My blog turns 1 this week. Not until Friday, I think. One day is not more significant than another, I think; but as year subsides to year, I need to look at a couple of things.
First of all, I have to observe this blog has been disproportionately weighted toward poetry. I have talked about this in prior posts. I mentioned the notion that poetry is dead here, here, and here. At one point I observed the fact that poems were piling up like the corpses of dead spiders in my house – unpleasant, repulsive once-living things. I’ve also spent a lot of time thinking about (and rambling about) how awareness of an audience and “forced writing” alter the poems.
I declared my inconsistency in my very first post, so I’m not going to bother trying for consistency here. I’m just going to observe. I envisioned this project as consisting in roughly equal parts of thoughts, poems, and stories. While I was working on novels, I have thought of posting segments of them … but they’re pretty awful so far. The thing is, poems have overwhelmed everything else. I’m neither pleased nor displeased with that fact. It just is.
Prior to 2011, I had not written a poem since about 2002. This was a surprise to people who had known me before as poetry had been a longstanding habit. To me it was just normal. Toward the end of 2011 I started to write poems again. At first they were awkward, but fairly quickly I noticed something. I was succeeding at pleasing my own aesthetic. That was by no means 100%, but probably more than 60% of the time. That was different. I had always loved lines or ideas in my poems – you become attached to them, I think – but almost of none of them could stand as a whole; and almost all of them could make me wince and want to crawl under the table. That was, in fact, THE thing that prompted me to start this blog.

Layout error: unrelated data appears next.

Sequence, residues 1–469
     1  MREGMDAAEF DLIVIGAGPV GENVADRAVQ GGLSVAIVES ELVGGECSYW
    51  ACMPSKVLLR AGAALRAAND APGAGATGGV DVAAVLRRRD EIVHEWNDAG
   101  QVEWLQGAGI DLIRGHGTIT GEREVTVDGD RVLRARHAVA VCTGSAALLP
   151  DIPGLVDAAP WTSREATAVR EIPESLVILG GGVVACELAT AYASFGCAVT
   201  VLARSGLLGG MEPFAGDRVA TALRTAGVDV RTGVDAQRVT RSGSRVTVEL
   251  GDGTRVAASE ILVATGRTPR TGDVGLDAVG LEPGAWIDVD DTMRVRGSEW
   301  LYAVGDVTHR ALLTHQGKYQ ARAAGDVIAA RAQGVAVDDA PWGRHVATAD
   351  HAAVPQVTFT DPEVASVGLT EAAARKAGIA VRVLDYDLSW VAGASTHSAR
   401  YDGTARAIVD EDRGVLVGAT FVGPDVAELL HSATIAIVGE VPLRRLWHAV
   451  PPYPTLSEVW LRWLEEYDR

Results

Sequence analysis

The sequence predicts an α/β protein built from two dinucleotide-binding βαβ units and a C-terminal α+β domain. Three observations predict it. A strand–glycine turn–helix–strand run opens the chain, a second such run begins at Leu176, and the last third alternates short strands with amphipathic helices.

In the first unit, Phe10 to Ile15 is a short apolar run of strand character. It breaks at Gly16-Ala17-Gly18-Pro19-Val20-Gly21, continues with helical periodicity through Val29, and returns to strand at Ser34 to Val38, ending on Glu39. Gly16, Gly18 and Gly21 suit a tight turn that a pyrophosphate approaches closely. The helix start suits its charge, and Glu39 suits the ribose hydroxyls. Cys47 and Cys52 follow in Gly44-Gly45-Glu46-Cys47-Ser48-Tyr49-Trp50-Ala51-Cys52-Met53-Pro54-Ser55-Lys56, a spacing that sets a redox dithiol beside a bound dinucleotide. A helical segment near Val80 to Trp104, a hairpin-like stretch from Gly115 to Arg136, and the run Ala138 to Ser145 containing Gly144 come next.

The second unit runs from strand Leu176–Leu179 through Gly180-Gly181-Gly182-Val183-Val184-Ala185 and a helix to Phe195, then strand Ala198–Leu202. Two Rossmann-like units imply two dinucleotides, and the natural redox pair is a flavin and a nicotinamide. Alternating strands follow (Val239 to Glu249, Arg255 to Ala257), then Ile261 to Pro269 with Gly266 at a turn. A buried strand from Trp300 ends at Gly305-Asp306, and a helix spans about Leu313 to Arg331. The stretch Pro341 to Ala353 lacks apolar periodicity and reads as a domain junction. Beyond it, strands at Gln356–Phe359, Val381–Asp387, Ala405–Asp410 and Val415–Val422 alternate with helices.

I still struggle with the why of poetry. Why do I like what I like? Why do I feel compelled to write what I write? And why is it different (at times extremely different) than the poetry I like to read? I have attempted to answer this before, but not to my satisfaction. I think poetry may be the second oldest form of writing; the first, if I remember correctly was invoices. There is some reason people do it; there is some reason I do it. So I’m taking another stab at explanation.
- Poetry is about transforming flaw into beauty. My poems often have dark themes – almost to the point of being dishonest in their warped perspective. But dark themes need poems more than bright themes do. The prospect of creating something beautiful – even if darkly beautiful – out of something ugly is compelling.
- Poetry is about revealing what was always there. It was just seeking words to express itself. This appeals to me in particular. For all my talk, the single greatest challenge I have is finding words to express things. Sometimes that is a function of avoidance – awkwardness. Mostly it’s because they don’t exist or always somehow miss the mark. Poetry is about forming a vocabulary to express things that aren’t easy. I have often said I didn’t know what I thought until I wrote it.
- Poetry is about ideas. But it is also about wordplay. There is a sense in which it is a game. It is peaceful.